Thus commanded, it seemed to Jūrō as if his very prayers had been answered, and he sent a reply saying that he would “present himself a few days hence”. In the intervening time, the Mogami side devised their schemes and bided their time.
  When Jūrō arrived in Yamagata on the appointed day, what sight did meet his eyes but that of several generations of Mogami retainers, not a single man missing, lined up in defense outside the castle, a seeming indication of the seriousness of their master’s condition. In a writing room of the castle, a high priest of the Jōjuin Temple had set out a sacred altar over which he was offering prayers, and many Mogami family members were in attendance in the room adjacent to the chamber where Lord Yoshiaki lay on his sickbed. There was also much coming and going of physicians and diviners, and the condition of his lordship appeared to be grave indeed.
  Although habitually a man of caution, Jūrō appeared moved by Lord Yoshiaki’s plight, and tears came to his eyes. Urged to “make haste to his lordship’s bedchamber”, he ventured to the bedside of Lord Yoshiaki and spoke to him respectfully. “Knowing not the full gravity of your lordship’s illness, I have been slow in coming to your side, and I offer my humble apologies. May it now please your lordship to command me as you will.”
  At this, Lord Yoshiaki pulled himself into a sitting position and spoke. “It is with great joy that I greet this, our final meeting. If this is indeed the end for me, the daimyo of the other domains will no doubt seek to intrude themselves upon our affairs after I am gone, and I look to you to attend to this eventuality. And until my son and successor Shuri no Daibu comes of age, I place the lineage chart of the Mogami family in your keeping.”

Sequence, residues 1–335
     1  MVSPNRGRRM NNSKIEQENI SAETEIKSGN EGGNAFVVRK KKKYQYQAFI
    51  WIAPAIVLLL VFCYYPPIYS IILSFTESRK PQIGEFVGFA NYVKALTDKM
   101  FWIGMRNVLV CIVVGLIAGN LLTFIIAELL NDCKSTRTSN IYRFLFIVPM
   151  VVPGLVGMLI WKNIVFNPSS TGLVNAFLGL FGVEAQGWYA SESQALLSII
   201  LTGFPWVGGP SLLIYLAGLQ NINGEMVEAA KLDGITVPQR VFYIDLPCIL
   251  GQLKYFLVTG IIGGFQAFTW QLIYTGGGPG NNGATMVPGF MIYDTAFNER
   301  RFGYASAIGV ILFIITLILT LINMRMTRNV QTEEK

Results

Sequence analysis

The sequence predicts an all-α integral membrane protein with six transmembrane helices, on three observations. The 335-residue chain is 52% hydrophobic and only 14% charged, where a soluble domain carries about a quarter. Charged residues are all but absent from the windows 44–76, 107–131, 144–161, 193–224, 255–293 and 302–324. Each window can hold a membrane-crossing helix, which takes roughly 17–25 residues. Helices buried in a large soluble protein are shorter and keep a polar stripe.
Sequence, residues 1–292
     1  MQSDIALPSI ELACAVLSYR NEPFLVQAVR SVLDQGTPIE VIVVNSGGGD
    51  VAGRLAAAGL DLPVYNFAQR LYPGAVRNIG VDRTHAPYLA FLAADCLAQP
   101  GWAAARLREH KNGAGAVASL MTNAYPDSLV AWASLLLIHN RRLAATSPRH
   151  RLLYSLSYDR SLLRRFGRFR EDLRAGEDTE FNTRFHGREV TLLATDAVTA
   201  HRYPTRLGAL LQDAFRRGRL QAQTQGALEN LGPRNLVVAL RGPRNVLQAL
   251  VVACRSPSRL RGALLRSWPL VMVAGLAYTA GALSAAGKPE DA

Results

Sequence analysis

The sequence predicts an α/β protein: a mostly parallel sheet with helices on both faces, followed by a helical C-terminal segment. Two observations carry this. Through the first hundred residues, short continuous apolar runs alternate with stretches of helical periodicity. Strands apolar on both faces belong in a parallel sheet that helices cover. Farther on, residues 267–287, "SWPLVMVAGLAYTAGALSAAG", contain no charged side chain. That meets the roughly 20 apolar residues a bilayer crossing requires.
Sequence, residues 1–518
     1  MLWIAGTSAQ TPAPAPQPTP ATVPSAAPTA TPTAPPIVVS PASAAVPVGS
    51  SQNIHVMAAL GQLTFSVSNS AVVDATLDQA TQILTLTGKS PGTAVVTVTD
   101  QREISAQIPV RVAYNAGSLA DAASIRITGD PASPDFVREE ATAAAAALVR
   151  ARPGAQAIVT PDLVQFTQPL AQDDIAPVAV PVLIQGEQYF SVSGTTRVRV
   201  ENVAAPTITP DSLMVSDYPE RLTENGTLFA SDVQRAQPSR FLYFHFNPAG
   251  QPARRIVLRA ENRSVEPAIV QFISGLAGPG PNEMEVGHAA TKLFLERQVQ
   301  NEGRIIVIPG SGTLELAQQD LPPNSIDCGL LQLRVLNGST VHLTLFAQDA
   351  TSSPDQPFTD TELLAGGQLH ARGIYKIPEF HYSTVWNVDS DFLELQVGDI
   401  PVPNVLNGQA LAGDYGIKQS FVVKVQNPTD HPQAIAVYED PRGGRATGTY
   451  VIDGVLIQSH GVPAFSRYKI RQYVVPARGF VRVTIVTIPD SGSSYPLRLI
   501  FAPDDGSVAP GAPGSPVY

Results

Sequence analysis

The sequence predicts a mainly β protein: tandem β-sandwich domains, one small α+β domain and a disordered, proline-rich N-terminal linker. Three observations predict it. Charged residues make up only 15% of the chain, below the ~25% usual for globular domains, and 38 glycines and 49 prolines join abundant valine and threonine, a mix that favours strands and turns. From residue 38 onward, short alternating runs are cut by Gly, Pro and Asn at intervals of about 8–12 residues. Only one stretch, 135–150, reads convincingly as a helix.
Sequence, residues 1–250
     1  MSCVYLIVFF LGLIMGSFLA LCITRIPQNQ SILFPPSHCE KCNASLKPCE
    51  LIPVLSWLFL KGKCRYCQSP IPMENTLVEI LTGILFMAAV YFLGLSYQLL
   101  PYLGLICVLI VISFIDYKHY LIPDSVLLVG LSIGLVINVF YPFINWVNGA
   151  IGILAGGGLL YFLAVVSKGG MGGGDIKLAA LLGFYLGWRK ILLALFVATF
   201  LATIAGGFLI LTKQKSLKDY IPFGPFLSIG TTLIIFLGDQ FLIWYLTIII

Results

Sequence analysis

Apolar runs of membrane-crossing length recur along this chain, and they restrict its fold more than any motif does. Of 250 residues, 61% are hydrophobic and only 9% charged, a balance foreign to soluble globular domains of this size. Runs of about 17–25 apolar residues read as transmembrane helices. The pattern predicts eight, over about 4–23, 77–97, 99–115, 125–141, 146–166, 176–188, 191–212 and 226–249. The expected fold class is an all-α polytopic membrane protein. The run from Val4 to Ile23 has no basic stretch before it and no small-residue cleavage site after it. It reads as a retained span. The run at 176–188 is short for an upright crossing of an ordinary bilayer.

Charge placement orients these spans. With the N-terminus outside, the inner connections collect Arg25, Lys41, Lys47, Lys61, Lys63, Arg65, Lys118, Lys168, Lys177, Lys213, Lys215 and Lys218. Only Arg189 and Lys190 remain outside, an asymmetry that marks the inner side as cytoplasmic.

So saying, he produced a single scroll, which Jūrō accepted. Thrice he raised it reverently to his head, and while the words, “With this, I become lord of Dewa,” did not actually pass Jūrō’s lips, his face plainly betrayed the thought. It was then that Lord Yoshiaki pretended to shift, pulling from under his bed a sword that had earlier been placed there, and in a single movement he slashed at his enemy. The suddenness of this attack took even the valiant Jūrō unawares, and, mortally wounded, he collapsed to the ground.
  The attendants of Lord Jūrō had been placed in a large hall under the pretext that they were to be given a meal, but upon the signal of a drum beat which sounded in the interior of the castle, a contingent of young samurai who had been lying in wait emerged to surround Lord Jūrō’s men on three sides, cutting them down until none were left alive. Immediately thereupon, the blowing of a conch shell trumpet sounded the call to battle.
  Kumazawa Chikaranosuke took to the field with a force of fifty ashigaru(1) foot soldiers, and as Takahashi Kazue, Shimura Tōemon, and the other Mogami generals followed with their men, Lord Yoshiaki pulled his horse near and mounted it gracefully. Selected from the 300-strong unit of spearmen and armed with long spears forged by Gassan himself, the “Chosen Thirty”, a group of men so powerful they were designated with the names of fierce beasts, surrounded his lordship, who was accompanied by a mounted bodyguard made up of such valiant warriors as Takahashi Sezaemon, Ōnuma Hachibei, Hosoya Takuminosuke, and Hosoya Gon’emon. With the lust for battle coursing through their veins, the Mogami force launched its assault on the Yachi domain.

(1)Common foot soldiers


2012/12/08 10:06 (C) 最上義光歴史館